Social Injustices of Great Expectations

The Poor Labyrinth: The Theme of Social Injustice in Dickens’s Great Expectations that the theme of social injustice is prevalent throughout. The people of 19th century England were highly Judgmental when it came to social classes, resulting in various occurrences of social injustices. Through the use of characterization and and a look into Loon’s 19th century penal system, Dickens reveals the recurring theme.

The characters of Great Expectations displayed heir personal opinions through dialogue and how they presented themselves. The people of higher classes in this book talked down upon people of the lower classes and thought less of them because of where they came from. However, these thoughts were not always true. “Though she called me “boy’ so often and with a carelessness that was far from complimentary, she was of about my own age. ” (page 43) Estella doesn’t care to know Pip’s name at first because she thinks she’s higher. Her position in society causes her to believe that a person from a lower class can’t be on the same bevel as her.

Pip is actually capable of being on the same intellectual level as Estella and treats her with respect. “The result is that he too takes on society’s vices, its selfishness, ingratitude, extravagance, and pride. He, too, becomes something of an impostor like Composers himself, and thereby follows in the fatal footsteps of the very man who is indirectly the cause of his future misery. “(Hogan) Once Pip gets caught in between the social classes, he begins to act differently and think the way the the snobby higher class did. His new position in society causes him to treat people differently.

Instead of getting to know Pip, the Heaviness quickly assumed that he was nothing less than a poor working boy, but when Pip gets a taste of the higher class life, his character changes from sweet, understanding Pip, to snobby Pip who is highly Judgmental. The 19th Century penal system was very corrupt and unfair. People were mostly Judged based on accusations or their appearances, rather than if they committed the crime or not. “… He further corrupted a man named Magnetic who had already been injured by poverty, and revealed to him how easily he law may be twisted into an instrument of class. Composers knew that the penal system was solely based on appearance and and class. He was good-looking and looked as if he were a gentleman. The Judge gave Composers half the years that Magnetic received because Magnetic ‘looked dirty and ‘looked like a criminal’. The penal system was ran by people in the middle class who thought they were better than the criminals that came to trial. They ruled in favor of people like them instead of listening to the full story. John H Hogan Jar. ‘s criticism clearly presents the idea that social injustice is the main theme of Charles Dickens’ Great Expectations.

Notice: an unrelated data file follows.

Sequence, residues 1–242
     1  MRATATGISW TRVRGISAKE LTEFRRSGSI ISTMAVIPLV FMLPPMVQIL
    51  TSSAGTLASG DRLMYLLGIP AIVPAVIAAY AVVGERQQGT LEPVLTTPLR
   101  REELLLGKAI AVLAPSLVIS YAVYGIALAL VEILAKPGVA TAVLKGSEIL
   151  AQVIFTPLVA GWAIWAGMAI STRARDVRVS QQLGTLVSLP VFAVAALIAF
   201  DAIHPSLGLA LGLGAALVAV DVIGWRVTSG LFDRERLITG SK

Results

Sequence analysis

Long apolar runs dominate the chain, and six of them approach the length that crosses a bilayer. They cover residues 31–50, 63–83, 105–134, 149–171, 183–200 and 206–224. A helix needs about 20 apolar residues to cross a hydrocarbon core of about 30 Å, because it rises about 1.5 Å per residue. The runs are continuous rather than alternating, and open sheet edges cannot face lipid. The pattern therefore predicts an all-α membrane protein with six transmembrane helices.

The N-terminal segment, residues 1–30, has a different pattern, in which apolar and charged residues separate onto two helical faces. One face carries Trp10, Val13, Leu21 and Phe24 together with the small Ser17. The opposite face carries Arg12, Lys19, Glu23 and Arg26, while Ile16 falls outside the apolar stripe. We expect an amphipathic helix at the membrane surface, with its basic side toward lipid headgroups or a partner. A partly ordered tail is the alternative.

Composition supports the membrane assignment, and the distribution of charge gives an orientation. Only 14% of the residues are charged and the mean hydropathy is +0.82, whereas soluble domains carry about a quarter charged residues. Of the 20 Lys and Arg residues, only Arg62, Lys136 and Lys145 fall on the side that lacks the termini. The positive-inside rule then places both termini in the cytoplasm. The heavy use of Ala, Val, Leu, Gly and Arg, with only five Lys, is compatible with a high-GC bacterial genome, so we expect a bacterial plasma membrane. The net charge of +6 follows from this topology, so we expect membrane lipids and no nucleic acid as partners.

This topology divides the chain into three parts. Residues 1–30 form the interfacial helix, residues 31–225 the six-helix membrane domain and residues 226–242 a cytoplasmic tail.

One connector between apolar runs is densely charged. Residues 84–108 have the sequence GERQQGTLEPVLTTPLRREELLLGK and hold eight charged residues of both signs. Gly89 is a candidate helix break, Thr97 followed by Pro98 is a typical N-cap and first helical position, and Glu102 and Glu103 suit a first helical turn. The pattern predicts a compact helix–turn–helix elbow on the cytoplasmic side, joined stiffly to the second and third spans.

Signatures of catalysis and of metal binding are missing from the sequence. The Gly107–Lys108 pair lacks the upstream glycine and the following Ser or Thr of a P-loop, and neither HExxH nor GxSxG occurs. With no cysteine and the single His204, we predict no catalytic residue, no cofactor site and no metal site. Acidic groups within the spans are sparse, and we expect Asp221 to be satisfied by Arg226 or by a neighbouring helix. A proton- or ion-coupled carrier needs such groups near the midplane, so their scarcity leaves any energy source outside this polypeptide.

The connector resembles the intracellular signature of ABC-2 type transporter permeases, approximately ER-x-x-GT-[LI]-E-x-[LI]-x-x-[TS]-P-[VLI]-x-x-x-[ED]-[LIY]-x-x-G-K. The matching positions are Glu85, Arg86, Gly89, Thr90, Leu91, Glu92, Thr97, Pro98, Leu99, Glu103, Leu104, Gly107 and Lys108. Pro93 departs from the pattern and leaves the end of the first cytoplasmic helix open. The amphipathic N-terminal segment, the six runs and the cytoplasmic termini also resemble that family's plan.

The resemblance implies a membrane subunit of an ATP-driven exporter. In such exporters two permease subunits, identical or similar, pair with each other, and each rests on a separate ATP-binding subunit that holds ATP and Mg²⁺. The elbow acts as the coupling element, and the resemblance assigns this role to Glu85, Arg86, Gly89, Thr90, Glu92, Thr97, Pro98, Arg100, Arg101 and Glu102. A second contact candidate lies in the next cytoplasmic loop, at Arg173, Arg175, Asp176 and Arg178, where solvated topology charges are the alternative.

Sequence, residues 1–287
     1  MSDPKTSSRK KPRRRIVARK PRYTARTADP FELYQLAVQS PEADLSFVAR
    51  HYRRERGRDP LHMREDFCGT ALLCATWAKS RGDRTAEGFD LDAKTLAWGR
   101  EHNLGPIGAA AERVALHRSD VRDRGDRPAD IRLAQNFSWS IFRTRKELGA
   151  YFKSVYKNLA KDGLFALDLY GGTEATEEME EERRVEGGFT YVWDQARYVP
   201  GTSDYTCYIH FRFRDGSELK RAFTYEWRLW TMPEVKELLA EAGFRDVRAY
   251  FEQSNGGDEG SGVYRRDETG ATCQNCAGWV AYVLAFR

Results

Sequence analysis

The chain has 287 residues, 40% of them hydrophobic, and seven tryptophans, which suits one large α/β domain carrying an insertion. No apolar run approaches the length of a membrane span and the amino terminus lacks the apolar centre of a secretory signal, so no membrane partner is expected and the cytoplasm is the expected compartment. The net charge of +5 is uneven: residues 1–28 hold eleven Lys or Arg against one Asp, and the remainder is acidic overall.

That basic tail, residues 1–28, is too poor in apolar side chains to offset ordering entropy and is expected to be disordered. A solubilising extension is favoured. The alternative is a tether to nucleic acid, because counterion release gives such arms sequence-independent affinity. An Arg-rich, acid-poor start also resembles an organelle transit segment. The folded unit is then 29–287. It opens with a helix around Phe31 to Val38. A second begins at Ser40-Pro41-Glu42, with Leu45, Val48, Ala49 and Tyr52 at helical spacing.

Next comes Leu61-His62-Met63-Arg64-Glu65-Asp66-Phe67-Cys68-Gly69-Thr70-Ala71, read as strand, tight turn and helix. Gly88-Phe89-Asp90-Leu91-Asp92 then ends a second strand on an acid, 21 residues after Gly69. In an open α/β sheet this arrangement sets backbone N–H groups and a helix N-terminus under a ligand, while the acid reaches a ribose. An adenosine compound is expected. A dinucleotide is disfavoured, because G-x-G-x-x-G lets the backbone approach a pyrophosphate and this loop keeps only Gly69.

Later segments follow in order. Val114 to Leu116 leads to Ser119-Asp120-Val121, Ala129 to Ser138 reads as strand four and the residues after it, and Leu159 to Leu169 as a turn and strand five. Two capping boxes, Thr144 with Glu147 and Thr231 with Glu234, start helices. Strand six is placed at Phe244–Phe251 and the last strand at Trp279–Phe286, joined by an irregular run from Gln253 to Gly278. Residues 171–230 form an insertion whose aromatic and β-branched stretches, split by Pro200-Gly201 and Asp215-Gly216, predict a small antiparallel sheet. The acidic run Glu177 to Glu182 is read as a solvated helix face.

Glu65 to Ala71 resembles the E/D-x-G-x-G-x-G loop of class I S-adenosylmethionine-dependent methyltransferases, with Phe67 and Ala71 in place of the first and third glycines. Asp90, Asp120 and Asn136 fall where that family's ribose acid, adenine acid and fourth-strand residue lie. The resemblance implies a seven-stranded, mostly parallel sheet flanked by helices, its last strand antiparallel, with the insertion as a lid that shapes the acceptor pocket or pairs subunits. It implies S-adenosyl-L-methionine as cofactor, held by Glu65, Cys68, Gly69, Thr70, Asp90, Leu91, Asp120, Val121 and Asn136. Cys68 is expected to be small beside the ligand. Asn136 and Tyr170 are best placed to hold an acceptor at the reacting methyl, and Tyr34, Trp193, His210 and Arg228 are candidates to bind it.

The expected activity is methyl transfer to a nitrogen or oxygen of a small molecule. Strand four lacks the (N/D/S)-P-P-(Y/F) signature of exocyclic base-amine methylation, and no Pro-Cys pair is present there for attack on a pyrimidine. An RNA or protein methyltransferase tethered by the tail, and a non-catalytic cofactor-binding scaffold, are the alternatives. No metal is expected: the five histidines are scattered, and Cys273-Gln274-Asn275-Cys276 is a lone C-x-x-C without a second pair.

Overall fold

After reading Great Expectations for themselves, readers may agree with Hogan’s opinion. The people in Great Expectations did indeed have various issues with social injustices and were focused more on class rather than character. The penal system of 19th Century England also Judged based on what class a person was or what they looked like. One may personally think that the way some people were treated and thought of the Great Expectations was unruly and unnecessary. Social Injustices of Great Expectations By Employable

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